The Obama Administration

The End of the Internet?

As Wikipedia and Google protest the Stop Online Piracy Act (SOPA), a rival bill offers a middle road to protecting copyrights.

Nancy Scola/yfrog
Google Google featured a censored doodle in protest of proposed SOPA legislation Wednesday. After President Barack Obama released a statement over the weekend that he would not sign any bill resembling the Stop Online Piracy Act (SOPA), Representative Darrell Issa postponed Wednesday’s hearing on the proposed law. News as of today is that SOPA is DOA. Since December, prominent tech figures and digital activists, including luminaries like Sergey Brin of Google and Jack Dorsey of Twitter, have characterized the bill as a draconian measure that would chill online innovation. A number of popular websites like GoDaddy, Reddit, and Wikipedia have threatened to black out service for a day to boycott the law, and Craigslist, in its rudimentary script, has a running message on its site protesting the measure. New legislation introduced by Issa and Senator Ron Wyden called the Online Protection and Enforcement of Digital Trade Act (OPEN) looks to avoid a number of the problems with SOPA that...

Lonely at the Top

The debate among the Republican candidates over Mitt Romney’s time at Bain Capital has raised again questions about whether Romney’s tenure in the “1 percent” will damage his campaign. The Obama team certainly welcomes this debate. After all, they have been attacking Romney along precisely these lines: The day after Mr. Romney squeezed out a razor-thin victory in the Iowa caucuses, Mr. Obama’s political brain-trust trained most of its fire on him, painting him as both a Wall Street 1 percent type and an unprincipled flip-flopper. Some new survey data that Lynn Vavreck and I have gathered in collaboration with YouGov suggests that Romney is vulnerable to this line of questioning. In a survey conducted nationwide from January 7-10—right about the time that the Republican attacks on Romney’s “vulture capitalism” were crescendoing as the New Hampshire primary approached—we asked respondents: How well do you think each the following describes Barack Obama/Mitt Romney: very well, somewhat...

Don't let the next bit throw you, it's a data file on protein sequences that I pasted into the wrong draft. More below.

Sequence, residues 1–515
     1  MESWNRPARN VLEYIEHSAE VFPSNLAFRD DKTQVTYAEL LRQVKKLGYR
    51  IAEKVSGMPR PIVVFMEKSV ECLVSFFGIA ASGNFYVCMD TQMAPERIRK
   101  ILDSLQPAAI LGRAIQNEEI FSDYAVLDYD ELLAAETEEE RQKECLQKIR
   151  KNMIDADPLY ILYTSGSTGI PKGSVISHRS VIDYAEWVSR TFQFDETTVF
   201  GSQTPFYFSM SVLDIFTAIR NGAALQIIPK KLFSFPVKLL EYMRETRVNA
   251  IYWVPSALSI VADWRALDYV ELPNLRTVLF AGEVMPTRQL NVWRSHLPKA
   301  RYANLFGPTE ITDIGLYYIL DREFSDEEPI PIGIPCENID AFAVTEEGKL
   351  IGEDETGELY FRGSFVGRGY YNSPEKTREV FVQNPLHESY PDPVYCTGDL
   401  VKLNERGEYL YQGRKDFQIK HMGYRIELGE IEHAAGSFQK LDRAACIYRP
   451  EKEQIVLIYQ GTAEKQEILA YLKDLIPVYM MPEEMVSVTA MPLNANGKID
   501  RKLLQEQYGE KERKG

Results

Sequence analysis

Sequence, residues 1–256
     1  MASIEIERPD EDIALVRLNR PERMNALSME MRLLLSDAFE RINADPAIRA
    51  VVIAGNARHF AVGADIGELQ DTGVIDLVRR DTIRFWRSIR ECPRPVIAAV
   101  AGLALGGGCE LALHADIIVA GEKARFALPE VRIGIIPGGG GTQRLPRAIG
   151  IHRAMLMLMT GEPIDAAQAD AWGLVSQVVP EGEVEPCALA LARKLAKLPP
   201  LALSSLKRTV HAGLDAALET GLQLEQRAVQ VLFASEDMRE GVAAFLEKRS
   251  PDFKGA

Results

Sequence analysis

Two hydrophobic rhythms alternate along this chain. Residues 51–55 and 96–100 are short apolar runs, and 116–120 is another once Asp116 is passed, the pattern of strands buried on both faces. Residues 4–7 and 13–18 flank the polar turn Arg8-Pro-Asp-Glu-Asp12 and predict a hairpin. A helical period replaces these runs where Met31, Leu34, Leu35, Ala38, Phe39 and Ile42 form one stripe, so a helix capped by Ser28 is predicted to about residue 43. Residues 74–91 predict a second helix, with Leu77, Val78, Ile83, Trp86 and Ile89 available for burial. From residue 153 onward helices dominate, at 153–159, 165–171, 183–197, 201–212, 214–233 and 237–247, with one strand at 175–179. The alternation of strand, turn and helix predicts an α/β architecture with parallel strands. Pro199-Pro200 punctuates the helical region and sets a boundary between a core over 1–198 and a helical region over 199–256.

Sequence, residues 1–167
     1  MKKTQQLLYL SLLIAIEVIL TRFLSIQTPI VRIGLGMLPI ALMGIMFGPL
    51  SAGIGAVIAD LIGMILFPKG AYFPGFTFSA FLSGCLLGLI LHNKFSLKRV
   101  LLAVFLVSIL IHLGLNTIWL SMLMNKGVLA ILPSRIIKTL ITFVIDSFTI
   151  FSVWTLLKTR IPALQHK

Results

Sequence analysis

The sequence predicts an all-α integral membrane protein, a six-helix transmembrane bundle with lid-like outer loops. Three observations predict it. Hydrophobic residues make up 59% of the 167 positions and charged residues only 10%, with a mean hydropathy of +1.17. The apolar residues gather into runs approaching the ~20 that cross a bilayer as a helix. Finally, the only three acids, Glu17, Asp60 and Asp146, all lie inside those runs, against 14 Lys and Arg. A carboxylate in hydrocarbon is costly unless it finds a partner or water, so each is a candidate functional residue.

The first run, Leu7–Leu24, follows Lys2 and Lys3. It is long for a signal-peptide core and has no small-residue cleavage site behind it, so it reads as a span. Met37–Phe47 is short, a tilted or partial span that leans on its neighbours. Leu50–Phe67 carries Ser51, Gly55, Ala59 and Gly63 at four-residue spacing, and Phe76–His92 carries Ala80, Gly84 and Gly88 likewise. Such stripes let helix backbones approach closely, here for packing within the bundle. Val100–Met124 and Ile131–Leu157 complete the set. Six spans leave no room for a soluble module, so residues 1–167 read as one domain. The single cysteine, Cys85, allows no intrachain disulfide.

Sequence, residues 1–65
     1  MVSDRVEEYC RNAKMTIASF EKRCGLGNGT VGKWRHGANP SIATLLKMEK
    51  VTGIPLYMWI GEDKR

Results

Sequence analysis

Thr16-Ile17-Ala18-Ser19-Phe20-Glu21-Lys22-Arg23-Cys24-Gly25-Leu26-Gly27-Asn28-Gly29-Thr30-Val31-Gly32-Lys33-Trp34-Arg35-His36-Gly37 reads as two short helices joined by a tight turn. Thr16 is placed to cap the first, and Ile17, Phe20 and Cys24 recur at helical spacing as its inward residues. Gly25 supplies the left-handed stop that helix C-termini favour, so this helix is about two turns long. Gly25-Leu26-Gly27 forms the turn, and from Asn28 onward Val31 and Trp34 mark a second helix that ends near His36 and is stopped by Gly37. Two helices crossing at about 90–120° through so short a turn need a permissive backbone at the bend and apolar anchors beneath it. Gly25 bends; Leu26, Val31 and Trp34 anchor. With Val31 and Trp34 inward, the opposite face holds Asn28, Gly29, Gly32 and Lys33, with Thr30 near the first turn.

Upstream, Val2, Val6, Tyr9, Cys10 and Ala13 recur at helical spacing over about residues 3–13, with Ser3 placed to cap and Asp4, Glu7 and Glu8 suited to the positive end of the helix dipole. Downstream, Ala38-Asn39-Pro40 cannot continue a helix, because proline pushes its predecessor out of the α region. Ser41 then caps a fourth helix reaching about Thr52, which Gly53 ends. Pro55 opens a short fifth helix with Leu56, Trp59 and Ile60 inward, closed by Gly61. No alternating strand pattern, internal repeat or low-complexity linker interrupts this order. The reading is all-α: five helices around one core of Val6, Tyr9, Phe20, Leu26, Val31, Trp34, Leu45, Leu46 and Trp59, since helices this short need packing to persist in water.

Yes, It's "Rape" Rape

Last week I heard two pieces of good news about rape—one local, one national. The local news: While Boston's serious crime reports dropped by 8 percent overall, rape reports spiked by 12 percent, according to police; the rise was especially dramatic in some lower-income sections of the city. So why is that good news? Well, no one believes more rapes occurred—primarily because there was no increase in reported rapes by strangers, which are most likely to be reported but only make up an estimated 20 percent of all rapes. Nope, the good news was that Boston women decided to report it when acquaintances, boyfriends, dates, friends, and family members forced them to have sex. Public-health and criminal-justice statistics folks know that's happening; according to the Center for Disease Control and Prevention's recently released sexual violence survey , nearly one in five women is raped in her lifetime, and more than one million women are raped each year. Far fewer are reported to police...

Obama Announces New Chief of Staff

Budget Director Jack Lew will take over for Bill Daley.

President Barack Obama announced Monday that Bill Daley, who has served as his administration's chief of staff for one year, is stepping down. In a statement to the press at the White House, President Obama said that Daley's resignation letter last week took him by surprise and that he initially refused to accept it. "But in the end, the pull of the hometown we both love—a city that's been synonymous with the Daley family for generations—was too great," Obama said, referring to Chicago, where the two men first met. Daley took over as Obama's chief of staff in 2011 after Rahm Emanuel left office to make a successful bid for the Chicago mayor's office. During his year-long tenure, Daley oversaw bitter fights over the American Jobs Act and the budget. Jack Lew, a D.C. veteran who previously served as budget director for President Bill Clinton and deputy director for the Department of State under Hillary Clinton, was recommended by Daley to succeed him at the post. Most recently, Lew...

Payment Where Payment's Due

The uninsured cost the health-care system $120 billion a year. All the individual mandate does is make them pay for it.

The Republicans who argue that the Affordable Care Act (ACA) violates the Constitution have based their argument around the idea that the law will result in a remarkable new expansion of federal power that will lead us on a path to total government tyranny. As the brief filed by the Obama administration in defense of the ACA makes clear, however, the mandate to purchase insurance in fact falls squarely within the framework of federal power that the Supreme Court has consistently advanced since the New Deal. It’s a clear explanation of the history and goals of the legislation and the relevant constitutional issues that everyone interested in this important question should read. Arguments against the ACA center on the assertion that the bill’s requirement that most individuals obtain health insurance or pay a tax penalty goes beyond the power Congress has under Article I Section 8 to regulate “interstate commerce.” According to the bill’s constitutional critics, because the health-...